Zoolander

"Good"

Zoolander Review


"The fashion industry has been behind every major assassination in the last 200 years," says a bearded and scruffy, conspiracy-mad David Duchovny in Ben Stiller's ludicrously amusing "Zoolander" -- and only the world's most vapid male model can break his brainwashing and to put a stop to it all.

No, not Fabio. "Too smart," says the Karl Lagerfeld-like leader of a shadowy international syndicate of couture designers, while picking "a beautiful self-absorbed simpleton who can be molded like Jell-O" to kill the prime minister of Malaysia. I mean, the man plans to end slave wages for sweatshop garment workers in his country. He simply must be stopped!

Enter pouty, super-superficial mannequin man Derek Zoolander (Stiller). Desperate to rescue his career after losing the Male Model of the Year Award (insert oh-so-VH-1 ceremony here) to his up-and-coming rival, the dreaded, sexy surfer stud Hansel (Owen Wilson), Derek is ripe for reprogramming. Hired by the industry's designer de jour -- played by Will Ferrell in a poodle wig, charcoal eyeliner and a leather corset -- Derek is brainwashed to snap at a runway show for a new line of homeless bum-inspired ready-to-wear, called Derelicte (that's derelict with an "e" on the end). Ferrell has invited the Third World leader to sit in the front row.

Will Zoolander's echo chamber of a brain be able to resist his conditioning and save the day? Ba-ba-buuumm!

If you're not laughing yet, just close your eyes and picture Stiller sporting a very blank stare and a zebra-print suit, strutting like Travolta with a wedgie.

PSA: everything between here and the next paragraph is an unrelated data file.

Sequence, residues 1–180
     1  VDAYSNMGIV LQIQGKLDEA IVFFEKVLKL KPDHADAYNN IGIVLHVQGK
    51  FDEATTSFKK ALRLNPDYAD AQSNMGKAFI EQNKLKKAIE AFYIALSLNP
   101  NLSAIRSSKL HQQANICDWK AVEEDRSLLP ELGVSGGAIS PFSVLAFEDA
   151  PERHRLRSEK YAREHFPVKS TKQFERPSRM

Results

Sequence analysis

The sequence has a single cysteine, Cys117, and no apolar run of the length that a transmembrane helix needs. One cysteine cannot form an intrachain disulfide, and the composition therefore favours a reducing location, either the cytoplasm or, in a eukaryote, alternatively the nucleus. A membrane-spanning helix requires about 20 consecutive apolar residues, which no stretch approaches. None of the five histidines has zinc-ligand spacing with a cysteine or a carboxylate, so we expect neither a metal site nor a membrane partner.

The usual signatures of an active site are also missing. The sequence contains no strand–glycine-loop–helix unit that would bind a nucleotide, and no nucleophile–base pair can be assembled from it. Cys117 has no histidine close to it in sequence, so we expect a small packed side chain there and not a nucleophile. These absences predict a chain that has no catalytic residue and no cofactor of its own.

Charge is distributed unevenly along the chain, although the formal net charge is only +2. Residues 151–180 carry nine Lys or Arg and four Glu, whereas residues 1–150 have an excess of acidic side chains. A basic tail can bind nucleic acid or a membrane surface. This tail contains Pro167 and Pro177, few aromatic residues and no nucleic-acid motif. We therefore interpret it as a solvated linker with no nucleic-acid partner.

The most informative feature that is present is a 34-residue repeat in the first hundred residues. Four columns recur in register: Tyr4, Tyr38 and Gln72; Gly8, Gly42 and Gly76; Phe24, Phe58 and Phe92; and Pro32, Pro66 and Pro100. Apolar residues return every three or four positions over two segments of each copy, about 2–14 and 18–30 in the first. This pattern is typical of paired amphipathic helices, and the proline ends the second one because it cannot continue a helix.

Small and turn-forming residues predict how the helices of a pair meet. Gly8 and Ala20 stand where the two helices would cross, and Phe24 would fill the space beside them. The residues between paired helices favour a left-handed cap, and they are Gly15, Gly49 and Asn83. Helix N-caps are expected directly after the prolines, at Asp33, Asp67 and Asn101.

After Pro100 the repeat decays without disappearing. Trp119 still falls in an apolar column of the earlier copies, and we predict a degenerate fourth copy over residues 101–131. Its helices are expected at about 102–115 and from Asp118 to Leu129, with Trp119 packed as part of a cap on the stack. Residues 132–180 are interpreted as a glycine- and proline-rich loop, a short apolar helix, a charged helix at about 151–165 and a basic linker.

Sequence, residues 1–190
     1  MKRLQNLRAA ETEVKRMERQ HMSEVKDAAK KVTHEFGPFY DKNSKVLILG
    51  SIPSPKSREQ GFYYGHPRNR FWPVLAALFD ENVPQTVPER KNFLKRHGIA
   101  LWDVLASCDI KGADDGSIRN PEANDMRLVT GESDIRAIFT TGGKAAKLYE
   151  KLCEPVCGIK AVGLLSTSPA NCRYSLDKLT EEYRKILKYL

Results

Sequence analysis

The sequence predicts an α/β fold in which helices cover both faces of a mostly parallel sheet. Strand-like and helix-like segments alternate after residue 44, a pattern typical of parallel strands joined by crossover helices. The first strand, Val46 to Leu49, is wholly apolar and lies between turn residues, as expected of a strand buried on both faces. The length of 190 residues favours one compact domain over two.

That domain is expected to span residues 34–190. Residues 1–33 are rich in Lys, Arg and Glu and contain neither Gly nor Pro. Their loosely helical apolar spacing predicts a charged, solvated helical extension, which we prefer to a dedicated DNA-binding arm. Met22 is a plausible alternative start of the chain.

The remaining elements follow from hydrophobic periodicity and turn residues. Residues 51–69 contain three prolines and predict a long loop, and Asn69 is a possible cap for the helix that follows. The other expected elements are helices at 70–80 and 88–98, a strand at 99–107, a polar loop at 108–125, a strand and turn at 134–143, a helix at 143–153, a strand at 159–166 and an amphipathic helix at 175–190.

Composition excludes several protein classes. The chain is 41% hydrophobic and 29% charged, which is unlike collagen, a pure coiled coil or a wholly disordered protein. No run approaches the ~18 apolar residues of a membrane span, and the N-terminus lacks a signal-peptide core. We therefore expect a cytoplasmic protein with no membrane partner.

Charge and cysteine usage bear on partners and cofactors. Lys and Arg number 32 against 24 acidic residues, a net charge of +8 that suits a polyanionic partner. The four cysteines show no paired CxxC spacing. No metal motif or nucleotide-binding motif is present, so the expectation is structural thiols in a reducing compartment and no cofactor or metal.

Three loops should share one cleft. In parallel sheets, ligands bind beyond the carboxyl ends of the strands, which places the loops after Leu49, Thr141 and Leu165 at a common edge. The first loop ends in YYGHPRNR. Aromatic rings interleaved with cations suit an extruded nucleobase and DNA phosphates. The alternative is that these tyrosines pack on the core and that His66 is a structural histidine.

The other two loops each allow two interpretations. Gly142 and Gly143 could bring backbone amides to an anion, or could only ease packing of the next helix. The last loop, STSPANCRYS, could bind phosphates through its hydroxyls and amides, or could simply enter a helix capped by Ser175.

The fashion world has never taken it on the chin harder than in this screamingly funny spoof of modeling and international intrigue, the likes of which Austin Powers can only dream about.

Co-written and directed by Stiller, and based on a character he created for the utterly contrived VH-1 Fashion Awards a few years back, "Zoolander" isn't just another low-brow, see-what-sticks satire. There are so many onion-like layers of dumb, and smart, and esoteric comedy here that my cheeks hurt from laughing when the credits rolled.

Interestingly, while Stiller's endless mugging as the whisper-voiced bimbo boy toy is a hoot, as a director he's not afraid to let himself be frequently upstaged by perfecto comedy performances from his supporting cast and cameo players (David Bowie, Tommy Hilfiger, Gwen Stefani, Claudia Schiffer -- there are dozens).

Always amazingly artless in his impeccable deadpan delivery, Owen Wilson steals every scene here (as he did in "Meet the Parents" and "Shanghai Noon") by playing Hansel with a straight face. He actually looks strangely sexy, yet is even more absurdly doltish than Stiller without even looking as if he's trying. The two rival models settle their differences and team up to stop the assassination -- but it won't be easy since they haven't three brain cells between them.

Jon Voight and Vince Vaughn are a laugh in uncredited roles as Zoolander's estranged coal-mining kinfolk who refuse to take him in when he's down and out.

Christine Taylor (Marcia in the "Brady Bunch" movies and Stiller's real-life wife) shows real talent and comedic timing as a magazine reporter who stumbles onto the fashion conspiracy while writing a fluff piece-turned-hit piece on Derek Zoolander and male models in general. She also becomes Derek's love interest after giving in to her wild side at an industry orgy. "There was a moment last night," moons Derek, "when she was sandwiched between the two Finish midgets and the Sherpa guy, that I really felt something for her."

Acting from behind a feral chest-toupee, Jerry Stiller (Ben's father, but better known as George Constanza's pop on "Seinfeld") is a chuckle too, as head of Balls Management, which specializes in male models. And ex-model Milla Jovovich chews scenery with great enthusiasm as Ferrell's dominatrix-in-red-leather head henchwoman, sort of a younger, oversexed Natasha from "Rocky & Bullwinkle."